A UC Berkeley professor has been awarded the prestigious Heinz Award for his research developing inexpensive treatments for malaria.
Jay Keasling, who in 2004 began researching the use of plants that naturally produce a chemical compound used in malaria treatment, said he received a call from the Heinz Endowments Board of Directors chair and award founder Teresa Heinz about two weeks ago to inform him of the $250,000 award. The foundation announced recipients of the award Wednesday.
“A couple of weeks ago, I got a call from Teresa Heinz,” Keasling said. “It was almost as exciting as getting the award itself.”
By extracting genes from the chemical compound artemisinin and transplanting them into yeast, Keasling was able to reduce the cost of antimalarial treatment.
“(Keasling’s research) will have a great impact,” said Kim O’Dell, Heinz Awards director. “The production of artemisinin and the way he went about creating (it) is opening up a totally new area in that field.”
Keasling’s research was funded by a $42.5 million grant from the Bill & Melinda Gates Foundation, and he conducted it with the help of Michelle Chang, who is now an assistant professor in the campus department of chemistry and was previously a postdoctoral student in his lab.
By combining the compound with yeast, Keasling was able to create microbial “factories” to produce large quantities of artemisinin, according to a press release announcing the award. Because it uses yeast, this form of artemisinin is much less expensive to manufacture than it is to directly extract from plants, Keasling said.
Keasling added that the reduced costs of producing this drug make it ideal for widespread treatment in developing countries and regions where malaria is prevalent.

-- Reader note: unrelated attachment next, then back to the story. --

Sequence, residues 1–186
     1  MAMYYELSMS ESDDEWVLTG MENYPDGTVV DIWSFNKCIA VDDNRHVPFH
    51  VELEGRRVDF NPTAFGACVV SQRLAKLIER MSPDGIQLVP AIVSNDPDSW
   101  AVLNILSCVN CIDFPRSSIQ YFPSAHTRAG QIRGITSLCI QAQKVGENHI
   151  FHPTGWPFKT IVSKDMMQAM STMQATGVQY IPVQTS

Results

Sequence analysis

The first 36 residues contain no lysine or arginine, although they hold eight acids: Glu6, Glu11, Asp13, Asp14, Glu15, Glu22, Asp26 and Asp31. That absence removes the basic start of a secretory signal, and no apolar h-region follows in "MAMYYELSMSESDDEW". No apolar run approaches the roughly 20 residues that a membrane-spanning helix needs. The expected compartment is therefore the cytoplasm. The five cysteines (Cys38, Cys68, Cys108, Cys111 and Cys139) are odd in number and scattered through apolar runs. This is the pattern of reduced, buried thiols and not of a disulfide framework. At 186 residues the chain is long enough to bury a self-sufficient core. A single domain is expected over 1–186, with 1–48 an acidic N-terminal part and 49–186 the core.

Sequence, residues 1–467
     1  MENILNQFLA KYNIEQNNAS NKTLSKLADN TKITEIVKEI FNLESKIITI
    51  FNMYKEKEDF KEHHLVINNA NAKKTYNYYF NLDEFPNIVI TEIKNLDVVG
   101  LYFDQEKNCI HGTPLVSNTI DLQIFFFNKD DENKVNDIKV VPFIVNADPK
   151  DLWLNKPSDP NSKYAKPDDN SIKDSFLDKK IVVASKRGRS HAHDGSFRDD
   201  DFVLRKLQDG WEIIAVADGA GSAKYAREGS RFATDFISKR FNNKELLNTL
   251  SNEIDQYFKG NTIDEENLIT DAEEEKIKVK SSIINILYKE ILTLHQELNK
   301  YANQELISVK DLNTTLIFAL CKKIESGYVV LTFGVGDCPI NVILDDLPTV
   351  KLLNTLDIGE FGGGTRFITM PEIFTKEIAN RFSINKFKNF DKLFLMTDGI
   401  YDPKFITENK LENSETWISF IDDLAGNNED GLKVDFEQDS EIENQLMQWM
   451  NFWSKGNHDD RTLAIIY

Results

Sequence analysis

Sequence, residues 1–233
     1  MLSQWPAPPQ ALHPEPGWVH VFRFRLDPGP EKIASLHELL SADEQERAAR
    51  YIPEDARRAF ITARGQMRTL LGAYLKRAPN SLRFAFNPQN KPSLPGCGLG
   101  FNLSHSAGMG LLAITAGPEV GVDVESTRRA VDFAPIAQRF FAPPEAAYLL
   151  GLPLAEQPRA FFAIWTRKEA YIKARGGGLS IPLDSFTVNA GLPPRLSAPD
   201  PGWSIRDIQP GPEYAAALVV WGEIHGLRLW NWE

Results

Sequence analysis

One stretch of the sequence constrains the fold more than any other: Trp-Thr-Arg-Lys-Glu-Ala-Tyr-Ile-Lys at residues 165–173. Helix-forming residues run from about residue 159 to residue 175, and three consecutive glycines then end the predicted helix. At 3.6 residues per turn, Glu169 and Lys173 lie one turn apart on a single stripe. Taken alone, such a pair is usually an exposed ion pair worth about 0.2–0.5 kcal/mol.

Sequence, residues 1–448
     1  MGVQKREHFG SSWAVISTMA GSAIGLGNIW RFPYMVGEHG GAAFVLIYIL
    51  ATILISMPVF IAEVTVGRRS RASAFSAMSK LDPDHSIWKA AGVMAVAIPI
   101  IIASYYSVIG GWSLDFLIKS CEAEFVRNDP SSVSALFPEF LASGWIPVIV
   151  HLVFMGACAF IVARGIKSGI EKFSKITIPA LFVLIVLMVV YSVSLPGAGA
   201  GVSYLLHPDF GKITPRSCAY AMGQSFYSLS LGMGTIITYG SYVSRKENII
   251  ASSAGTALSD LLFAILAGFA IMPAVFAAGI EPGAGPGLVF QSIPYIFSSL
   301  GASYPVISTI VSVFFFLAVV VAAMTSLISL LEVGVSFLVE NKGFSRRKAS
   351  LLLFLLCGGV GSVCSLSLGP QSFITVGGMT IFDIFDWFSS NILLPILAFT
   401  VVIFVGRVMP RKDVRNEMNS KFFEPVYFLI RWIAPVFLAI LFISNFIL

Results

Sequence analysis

“It depends on demand, (but the drug) cost can be around $2 for adults, $1 for children,” Keasling said.
Large-scale production of the yeast-based drug is scheduled for the end of this year, according to Keasling. However, before this treatment can be implemented in other parts of the world, the World Health Organization will have to approve its distribution.
Keasling’s colleagues at UC Berkeley and others in the scientific community said his work has the potential to change health care services worldwide.
“(Keasling’s) work is having a major impact on human health and well-being throughout the world, and his pioneering development of a low-cost production system for artemisinin is a life-saving breakthrough,” said Douglas Clark, chair of the campus department of chemical and biomolecular engineering. “This is a very exciting frontier that is being actively expanded in our own department and in others on the Berkeley campus.”
Keasling will accept the award at a ceremony in October in Pittsburgh.
Contact Lindsey Lohman at [email protected].
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